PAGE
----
A second strategy, is to totally reconsider the taxonomy of the family in a more inclusionist way, motivated by later knowledge that many of the populations had a gene flow between them, and their ancestry could be polyform, and not follow a straight line, as earlier taxonomists belived was the case of the different populations evolution. An example of this strategy is presented below under Discussion

1. Identical numbers of chromosomes, and evidence of hybrids between Asian elephant and African elephant (with unknown fertility), as well as the recent evolutionary divergence of the two species, does not support the establishment of the separate genus Loxodonta, and the accepted scientific name for the African elephant should in my opinion therefore be returned to the original Elephas africanus, as Blumenbach proposed in 1797, during the very first naming of the species. I regard changes since then, as unvalid, especially the genus Loxodonta, which has by many been confirmed as unvalid, and likely with our present knowledge, should be regarded as nothing than a synonyme to Elephas, why by rule of priority, the African elephant automatically, becomes Elephas africanus again.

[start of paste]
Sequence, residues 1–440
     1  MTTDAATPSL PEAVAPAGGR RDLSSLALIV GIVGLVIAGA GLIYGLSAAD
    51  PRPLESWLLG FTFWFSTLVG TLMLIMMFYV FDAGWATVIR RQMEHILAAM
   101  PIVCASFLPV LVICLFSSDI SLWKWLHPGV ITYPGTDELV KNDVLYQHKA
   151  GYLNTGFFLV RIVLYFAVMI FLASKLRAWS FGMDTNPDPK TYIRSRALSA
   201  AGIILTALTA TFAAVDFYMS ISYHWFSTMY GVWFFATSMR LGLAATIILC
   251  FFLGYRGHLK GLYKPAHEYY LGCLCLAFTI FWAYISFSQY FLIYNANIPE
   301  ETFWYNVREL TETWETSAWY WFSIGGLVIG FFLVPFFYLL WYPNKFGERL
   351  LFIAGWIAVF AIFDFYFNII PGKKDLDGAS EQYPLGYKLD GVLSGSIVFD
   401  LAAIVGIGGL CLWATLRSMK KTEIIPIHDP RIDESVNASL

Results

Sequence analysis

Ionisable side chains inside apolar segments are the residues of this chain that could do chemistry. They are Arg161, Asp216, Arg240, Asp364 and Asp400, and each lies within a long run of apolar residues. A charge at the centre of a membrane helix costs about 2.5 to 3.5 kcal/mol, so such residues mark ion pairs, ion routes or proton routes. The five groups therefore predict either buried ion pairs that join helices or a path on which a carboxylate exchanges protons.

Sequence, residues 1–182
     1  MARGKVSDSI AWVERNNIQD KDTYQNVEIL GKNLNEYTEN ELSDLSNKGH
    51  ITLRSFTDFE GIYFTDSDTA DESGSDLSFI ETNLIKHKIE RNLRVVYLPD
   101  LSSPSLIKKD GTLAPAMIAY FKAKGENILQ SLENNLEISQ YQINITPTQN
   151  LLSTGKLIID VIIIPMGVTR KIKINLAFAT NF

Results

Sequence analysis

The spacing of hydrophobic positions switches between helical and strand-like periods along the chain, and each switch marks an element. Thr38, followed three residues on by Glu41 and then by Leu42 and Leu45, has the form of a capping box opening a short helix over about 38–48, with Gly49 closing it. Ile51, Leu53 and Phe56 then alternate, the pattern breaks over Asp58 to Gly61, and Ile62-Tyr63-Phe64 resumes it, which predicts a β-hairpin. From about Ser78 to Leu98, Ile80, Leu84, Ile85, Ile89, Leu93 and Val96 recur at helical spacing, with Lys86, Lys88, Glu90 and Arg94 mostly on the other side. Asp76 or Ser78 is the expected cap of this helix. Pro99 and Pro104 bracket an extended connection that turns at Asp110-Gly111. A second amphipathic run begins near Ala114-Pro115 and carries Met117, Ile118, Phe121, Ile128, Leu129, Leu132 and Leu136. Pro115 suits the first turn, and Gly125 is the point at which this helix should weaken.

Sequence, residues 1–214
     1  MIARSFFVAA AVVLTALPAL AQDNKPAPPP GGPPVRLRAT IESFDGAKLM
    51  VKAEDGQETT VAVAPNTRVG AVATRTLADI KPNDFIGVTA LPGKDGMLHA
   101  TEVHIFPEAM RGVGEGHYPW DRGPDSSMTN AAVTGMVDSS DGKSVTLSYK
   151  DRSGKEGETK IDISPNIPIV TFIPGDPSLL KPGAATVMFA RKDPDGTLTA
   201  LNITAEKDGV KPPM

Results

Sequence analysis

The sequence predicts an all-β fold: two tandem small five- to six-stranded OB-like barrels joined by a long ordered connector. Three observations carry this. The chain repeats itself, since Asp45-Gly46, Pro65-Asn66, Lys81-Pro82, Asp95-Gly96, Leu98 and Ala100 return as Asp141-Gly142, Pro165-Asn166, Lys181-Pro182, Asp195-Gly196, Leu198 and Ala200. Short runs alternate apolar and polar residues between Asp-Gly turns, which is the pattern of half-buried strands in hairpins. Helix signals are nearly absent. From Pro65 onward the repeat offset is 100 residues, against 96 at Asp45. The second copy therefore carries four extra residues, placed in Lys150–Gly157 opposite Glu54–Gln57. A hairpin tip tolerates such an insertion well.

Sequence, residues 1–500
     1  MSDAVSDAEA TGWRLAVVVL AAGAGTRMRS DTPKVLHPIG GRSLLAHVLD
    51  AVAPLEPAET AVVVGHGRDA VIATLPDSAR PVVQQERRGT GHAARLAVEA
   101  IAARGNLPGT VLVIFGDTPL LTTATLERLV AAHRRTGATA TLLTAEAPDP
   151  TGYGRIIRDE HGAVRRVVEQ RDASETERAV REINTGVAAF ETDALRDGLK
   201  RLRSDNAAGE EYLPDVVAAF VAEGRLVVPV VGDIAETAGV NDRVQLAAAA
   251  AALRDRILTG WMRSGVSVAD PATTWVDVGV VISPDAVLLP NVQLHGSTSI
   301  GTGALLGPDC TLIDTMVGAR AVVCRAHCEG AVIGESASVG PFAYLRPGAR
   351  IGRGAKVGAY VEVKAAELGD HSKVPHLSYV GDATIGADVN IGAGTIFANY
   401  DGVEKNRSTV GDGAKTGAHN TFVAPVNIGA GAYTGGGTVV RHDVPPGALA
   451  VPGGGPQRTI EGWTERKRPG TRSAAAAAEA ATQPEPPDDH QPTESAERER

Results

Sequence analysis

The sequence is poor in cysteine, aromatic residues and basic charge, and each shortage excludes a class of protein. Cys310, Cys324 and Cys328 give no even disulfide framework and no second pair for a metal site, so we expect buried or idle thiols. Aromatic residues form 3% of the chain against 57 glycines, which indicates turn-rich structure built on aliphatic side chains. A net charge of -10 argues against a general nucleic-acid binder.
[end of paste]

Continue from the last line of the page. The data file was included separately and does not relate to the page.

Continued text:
2. Likewise evidence of fertile hybrids between African bush elephant and African forest elephants, which have in range regions widely living intermediate populations, does also not support the establishment of the present two present separate species Loxodonta, and the accepted scientific name for the African forest elephant should in my opinion, also therefore be Elephas africanus, as above. I regard changes since then, as unvalid.